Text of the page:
Add Finish to the Foundation
Once this is done, add any protective finishes you believe the underside of your deck will need. The bottom of a deck is going to be a moist, dark place, so adding a protective finish should help maintain the foundation of the deck.
Lay the Decking Boards
Cut your decking boards to the proper length. Starting with the ledger, lay them across the joists. Remember to keep the convex side of the board up, because this is more attractive.
If you’re going to err, let the boards run long. This can be adjusted later. One their are in place, nail or screw the boards to the outer beams and joists. Decide whether you want spacing between the boards, or you want them flush.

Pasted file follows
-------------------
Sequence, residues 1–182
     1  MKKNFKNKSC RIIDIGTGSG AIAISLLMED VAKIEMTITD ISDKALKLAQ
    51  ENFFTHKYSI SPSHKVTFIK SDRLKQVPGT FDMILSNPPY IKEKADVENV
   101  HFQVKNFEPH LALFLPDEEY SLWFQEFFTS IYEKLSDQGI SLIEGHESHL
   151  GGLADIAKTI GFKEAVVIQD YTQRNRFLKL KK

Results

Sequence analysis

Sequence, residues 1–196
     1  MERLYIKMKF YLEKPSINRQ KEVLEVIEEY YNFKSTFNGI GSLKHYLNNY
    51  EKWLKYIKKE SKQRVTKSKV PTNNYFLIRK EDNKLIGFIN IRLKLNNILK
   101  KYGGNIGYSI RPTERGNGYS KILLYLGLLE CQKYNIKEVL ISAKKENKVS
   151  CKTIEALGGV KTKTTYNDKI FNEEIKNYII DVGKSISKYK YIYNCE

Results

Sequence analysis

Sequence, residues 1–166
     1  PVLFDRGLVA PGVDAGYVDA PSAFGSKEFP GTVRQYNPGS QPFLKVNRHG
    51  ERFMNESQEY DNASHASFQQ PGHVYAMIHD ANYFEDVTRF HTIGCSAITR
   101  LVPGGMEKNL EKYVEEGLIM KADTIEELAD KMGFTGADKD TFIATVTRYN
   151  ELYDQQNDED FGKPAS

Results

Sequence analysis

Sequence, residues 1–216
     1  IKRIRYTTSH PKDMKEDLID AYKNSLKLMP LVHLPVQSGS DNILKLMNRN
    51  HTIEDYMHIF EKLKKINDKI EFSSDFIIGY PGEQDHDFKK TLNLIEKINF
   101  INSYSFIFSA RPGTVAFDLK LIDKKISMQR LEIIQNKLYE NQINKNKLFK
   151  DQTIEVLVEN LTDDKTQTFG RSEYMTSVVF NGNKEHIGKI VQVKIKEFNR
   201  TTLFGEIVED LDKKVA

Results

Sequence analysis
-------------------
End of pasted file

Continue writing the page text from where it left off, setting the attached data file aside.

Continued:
Prepare for Final Board
Set aside a slimmer or a wider board for your final board, to plan ahead. As you approach the end of the deck, try to gauge which boards are going to fit best on your deck.
Once finished with this part, cut the longer boards to make them uniform.
Railings and Stairs
Complete the deck with any outer railings or stairs. Add benches and other amenities, as needed. On the outer part of your deck, add protective finishes you deem necessary.
Deck Building Tips
Building a deck has several tricky steps and there’s a lot of terminology you won’t encounter in your normal day, but you can learn how to build a deck, if you don’t mind a little work, a little math and maintain your patience. Follow these deck building tips, don’t get frustrated by any obstacles or setbacks, and you’ll have a deck on your house in no time.